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2014-04-14 07:34:13

Workers Compensation - Service Provider Liability

We (Service Provider) have a specific situation. We are negotiating a Services Agreement with a Customer (firm) in South Africa.

As a standard practice we required the firm to give us an indemnity for their gross negligence leading to the injury or death of the our (Service Provider's) employee.

The firm refused stating that we (Service Provider) has cover under COIDA (Compensation for Occupational Injuries and Diseases Act) and the fund under this Act will pay for such compensation.

My query

- Can such an injured employee claim for compensation more than provided under COIDA ("Excess Ccosts")?

- Will we (Service Provider) be able to make a liability claim on the Customer firm (where their gross negligence is proved) for such "Excess costs" in the absence of such indemnity ?
 •   2014-04-14 13:26:33
Under Common Law principles, liability for personal injury or death cannot be excluded. So it most likely makes no difference whether or not the provision is struck because the customer could not deny their legal liability in the event of negligence leading to this form of loss.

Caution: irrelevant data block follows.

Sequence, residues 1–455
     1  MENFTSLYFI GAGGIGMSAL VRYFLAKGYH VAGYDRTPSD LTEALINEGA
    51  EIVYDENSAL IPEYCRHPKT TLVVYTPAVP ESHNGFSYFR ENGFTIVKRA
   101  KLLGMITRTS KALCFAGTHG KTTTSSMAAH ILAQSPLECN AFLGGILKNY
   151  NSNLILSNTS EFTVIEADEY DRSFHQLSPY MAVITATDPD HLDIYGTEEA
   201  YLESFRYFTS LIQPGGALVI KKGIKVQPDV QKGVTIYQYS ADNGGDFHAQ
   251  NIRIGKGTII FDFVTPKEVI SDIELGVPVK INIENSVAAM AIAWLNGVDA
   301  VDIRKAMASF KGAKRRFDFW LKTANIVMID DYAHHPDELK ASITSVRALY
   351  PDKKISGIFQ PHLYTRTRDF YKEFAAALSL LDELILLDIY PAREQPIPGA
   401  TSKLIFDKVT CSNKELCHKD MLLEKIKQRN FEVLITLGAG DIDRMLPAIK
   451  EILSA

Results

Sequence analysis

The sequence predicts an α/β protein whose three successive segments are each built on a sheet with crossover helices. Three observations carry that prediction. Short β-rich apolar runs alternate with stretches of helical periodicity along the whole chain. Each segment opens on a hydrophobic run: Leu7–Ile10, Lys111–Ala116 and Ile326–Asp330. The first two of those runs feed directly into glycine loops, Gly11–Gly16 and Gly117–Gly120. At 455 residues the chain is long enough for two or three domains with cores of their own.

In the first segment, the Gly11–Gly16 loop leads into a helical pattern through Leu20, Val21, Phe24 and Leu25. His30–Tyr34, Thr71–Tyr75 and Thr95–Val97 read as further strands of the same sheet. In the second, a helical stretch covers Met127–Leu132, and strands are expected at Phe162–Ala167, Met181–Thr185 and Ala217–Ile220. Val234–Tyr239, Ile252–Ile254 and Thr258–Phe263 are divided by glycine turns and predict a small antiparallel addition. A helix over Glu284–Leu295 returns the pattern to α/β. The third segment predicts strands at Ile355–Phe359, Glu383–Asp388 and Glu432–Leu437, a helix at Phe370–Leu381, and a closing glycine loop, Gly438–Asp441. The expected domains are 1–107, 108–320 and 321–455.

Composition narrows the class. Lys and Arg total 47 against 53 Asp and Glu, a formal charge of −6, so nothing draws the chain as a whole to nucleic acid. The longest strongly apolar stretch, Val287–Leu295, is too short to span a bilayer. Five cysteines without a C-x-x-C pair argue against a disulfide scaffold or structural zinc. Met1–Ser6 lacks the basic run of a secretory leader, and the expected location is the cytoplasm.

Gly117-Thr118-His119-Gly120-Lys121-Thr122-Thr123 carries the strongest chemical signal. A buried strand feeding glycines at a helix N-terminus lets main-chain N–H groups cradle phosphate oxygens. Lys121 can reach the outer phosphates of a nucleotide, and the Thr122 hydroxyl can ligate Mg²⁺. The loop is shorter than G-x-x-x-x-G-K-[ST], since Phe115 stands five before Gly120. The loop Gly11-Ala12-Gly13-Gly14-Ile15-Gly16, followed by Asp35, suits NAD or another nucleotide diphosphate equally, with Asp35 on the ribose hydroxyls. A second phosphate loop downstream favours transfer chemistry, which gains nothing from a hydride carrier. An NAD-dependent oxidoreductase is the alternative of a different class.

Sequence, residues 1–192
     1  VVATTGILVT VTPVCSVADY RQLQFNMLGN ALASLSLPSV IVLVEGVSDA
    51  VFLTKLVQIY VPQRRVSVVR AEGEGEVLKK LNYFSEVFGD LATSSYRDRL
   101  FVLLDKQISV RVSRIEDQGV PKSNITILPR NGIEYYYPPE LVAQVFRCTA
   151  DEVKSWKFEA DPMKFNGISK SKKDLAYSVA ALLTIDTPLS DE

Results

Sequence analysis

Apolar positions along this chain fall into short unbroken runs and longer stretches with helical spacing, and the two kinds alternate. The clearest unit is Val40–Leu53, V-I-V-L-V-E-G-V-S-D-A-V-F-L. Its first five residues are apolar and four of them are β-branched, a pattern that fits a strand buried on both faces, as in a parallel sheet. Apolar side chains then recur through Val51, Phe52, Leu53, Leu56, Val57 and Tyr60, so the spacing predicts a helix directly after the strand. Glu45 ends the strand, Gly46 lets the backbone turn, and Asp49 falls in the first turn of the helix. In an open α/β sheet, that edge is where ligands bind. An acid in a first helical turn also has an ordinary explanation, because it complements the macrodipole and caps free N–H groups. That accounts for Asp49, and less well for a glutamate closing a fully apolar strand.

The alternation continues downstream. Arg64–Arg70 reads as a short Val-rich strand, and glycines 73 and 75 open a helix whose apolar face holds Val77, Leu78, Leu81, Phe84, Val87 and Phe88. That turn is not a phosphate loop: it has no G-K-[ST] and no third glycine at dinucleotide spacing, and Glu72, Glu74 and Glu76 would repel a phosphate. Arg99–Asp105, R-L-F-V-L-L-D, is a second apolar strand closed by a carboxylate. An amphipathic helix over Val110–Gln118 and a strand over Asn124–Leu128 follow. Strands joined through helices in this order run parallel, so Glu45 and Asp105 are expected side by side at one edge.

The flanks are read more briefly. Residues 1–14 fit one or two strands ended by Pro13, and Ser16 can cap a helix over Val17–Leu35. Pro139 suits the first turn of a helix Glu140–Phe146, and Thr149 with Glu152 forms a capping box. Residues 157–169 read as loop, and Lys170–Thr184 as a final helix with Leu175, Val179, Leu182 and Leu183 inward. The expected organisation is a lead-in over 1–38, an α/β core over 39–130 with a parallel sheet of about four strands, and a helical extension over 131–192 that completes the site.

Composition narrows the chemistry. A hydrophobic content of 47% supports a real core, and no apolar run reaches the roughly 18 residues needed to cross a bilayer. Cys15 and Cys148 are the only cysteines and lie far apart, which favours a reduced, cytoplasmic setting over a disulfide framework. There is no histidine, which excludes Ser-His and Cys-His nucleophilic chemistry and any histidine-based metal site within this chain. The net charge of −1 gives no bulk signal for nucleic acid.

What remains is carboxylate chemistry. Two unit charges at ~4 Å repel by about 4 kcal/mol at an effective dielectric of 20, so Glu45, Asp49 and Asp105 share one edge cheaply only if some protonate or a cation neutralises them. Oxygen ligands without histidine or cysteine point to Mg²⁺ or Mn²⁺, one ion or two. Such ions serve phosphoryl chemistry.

•   2014-04-15 08:14:35
What if there is an industry practise/custom to allow a party to exclude its liability even for its own negligence and it is being upheld by the court of law. What happens then?
 •   2014-04-17 10:58:42
I think that the second question goes to the difference between an indemnity and ordinary liability. Under general Common Law principles, the lack of an indemnity for a particular thing does not necessarily mean that a party won't be liable for that thing. The specific issue here is a legal question. It's probably worth a call to counsel so that you can be certain you will be covered in this circumstance. I see this as a different question than "excluding" liability for one's own negligence. Such clauses typically require clearing a higher legal hurdle.

All this said, I really do not understand why the customer would be so unwilling to indemnify for harm they caused. It's generally considered a reasonable commitment.
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